Monday, August 22, 2011

Tomatoes in the Pasta Pantry

Tomatoes in the Pasta Pantry
Canned tomatoes are an essential pantry basic to be kept on hand at all times. Always choose canned tomatoes over unripe and out of season fresh tomatoes — even if it means changing your menu accordingly- There's no need to discard any leftover canned tomatoes not required in the recipe; canned tomatoes in their juice refrigerate and freeze well.
A quick and easy way to chop up whole canned tomatoes is to use kitchen scissors to chop them while they are still in the can. When making a slow-simmered tomato sauce, you can add the tomatoes whole from the can and break them up in the pan with a wooden spoon.
Tomato paste is best bought in a tube as it keeps well in the refrigerator and can be used a spoonful at a time. If you have opened a can, you can freeze any leftover tomato paste not required in the recipe. Simply freeze the remaining paste in the can and, when it has frozen solid, open the base of the can with a can opener and push out the block of paste. You can then cut it into slices, put it back in the freezer, and use each slice as needed.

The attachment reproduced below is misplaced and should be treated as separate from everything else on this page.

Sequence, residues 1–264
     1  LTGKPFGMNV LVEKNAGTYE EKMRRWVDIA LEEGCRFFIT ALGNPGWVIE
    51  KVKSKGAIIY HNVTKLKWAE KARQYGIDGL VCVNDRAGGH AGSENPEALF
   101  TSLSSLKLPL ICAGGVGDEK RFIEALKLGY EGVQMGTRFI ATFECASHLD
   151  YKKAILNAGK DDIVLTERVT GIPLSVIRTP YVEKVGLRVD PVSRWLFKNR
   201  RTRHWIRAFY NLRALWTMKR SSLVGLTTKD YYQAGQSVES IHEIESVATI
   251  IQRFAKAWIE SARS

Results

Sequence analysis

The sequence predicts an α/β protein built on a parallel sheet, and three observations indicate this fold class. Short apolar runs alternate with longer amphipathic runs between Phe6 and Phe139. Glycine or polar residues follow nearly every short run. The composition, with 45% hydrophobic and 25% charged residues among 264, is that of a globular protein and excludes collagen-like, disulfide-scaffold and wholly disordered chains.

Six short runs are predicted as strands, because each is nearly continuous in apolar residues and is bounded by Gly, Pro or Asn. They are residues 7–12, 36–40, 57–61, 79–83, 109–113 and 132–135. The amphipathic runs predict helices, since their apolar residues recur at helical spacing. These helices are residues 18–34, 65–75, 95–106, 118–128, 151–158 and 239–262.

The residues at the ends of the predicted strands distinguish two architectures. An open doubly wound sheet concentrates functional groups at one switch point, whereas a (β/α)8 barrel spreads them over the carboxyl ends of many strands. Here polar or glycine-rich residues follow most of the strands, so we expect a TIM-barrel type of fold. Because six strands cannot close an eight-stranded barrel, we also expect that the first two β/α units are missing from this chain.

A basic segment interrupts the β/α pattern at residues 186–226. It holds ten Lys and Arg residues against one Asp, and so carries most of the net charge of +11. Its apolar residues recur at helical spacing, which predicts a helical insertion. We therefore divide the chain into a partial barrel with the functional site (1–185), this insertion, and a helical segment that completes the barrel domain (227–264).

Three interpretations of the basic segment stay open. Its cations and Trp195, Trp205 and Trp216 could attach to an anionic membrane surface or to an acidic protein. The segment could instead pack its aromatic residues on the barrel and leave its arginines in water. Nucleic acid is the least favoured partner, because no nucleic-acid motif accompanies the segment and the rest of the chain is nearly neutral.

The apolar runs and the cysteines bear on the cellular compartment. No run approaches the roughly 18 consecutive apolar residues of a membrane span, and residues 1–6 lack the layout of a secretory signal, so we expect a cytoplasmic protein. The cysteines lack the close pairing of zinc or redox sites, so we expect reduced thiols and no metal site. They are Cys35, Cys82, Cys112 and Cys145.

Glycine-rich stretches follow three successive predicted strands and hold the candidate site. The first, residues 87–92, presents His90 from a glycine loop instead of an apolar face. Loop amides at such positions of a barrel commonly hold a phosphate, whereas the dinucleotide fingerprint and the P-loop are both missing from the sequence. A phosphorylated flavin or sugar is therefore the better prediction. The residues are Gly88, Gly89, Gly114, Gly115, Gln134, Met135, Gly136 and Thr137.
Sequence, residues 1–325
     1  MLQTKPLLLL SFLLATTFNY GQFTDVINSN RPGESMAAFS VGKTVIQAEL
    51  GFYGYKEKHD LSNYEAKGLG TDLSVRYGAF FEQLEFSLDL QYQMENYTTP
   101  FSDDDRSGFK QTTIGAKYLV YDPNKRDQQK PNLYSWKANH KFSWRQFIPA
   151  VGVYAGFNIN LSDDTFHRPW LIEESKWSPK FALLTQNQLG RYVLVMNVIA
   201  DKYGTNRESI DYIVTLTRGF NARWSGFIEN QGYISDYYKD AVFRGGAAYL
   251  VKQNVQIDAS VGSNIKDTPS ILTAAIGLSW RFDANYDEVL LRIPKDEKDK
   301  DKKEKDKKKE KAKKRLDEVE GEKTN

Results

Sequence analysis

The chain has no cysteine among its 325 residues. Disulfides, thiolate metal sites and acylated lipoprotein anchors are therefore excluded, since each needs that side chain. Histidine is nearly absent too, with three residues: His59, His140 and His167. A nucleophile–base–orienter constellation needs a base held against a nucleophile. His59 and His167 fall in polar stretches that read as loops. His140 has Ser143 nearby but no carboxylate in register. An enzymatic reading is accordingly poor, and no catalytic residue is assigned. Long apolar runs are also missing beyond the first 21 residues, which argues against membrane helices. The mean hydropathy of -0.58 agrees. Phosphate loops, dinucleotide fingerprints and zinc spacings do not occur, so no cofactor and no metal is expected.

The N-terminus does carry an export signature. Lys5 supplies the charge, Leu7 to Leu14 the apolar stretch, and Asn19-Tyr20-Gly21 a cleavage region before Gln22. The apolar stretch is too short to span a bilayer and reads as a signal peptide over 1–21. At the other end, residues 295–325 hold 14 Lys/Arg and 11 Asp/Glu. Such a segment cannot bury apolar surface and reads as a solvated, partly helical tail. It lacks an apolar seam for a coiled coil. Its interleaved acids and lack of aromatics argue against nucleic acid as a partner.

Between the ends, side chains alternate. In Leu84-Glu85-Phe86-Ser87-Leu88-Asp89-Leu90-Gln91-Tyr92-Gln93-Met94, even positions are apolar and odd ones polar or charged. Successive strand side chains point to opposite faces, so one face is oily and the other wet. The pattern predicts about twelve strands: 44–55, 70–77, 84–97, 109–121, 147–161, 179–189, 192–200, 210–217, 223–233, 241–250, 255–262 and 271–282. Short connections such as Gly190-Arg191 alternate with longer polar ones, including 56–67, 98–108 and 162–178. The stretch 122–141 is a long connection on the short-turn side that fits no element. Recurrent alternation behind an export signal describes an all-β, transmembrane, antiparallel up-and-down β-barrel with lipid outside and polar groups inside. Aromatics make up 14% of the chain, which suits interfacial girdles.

Although jars of sun-dried tomatoes in oil are a handy pantry item, demi-sec sun-dried tomatoes have a superior
flavor. Seek them out in gourmet stores and from mail order sources. If buying loose, make sure they are still chewy and not too dry. To soak, place in a bowl with l tbsp red wine vinegar, pour over boiling water to cover, and leave to stand until tender and swollen.
Choose fresh tomatoes that are firm, red, and at their seasonal best. Plum tomatoes are the ideal variety for pasta sauces as their flesh is thick and meaty. When flavor is a priority, however, ripeness is more important than variety. When cooking with fresh tomatoes outside their peak season, it's well worth thinking ahead and buying the tomatoes a few days in advance of using. Set them on a tray by the kitchen window, making sure they are not touching, and leave for a few days to ripen. Never store tomatoes in the refrigerator; chilling gives the tomato flesh a mealy texture.
Taking the extra time and care to peel fresh tomatoes will make for a finished dish with a superior texture, flavor, and appearance. However, when time is at a premium, it is a step that can be skipped.

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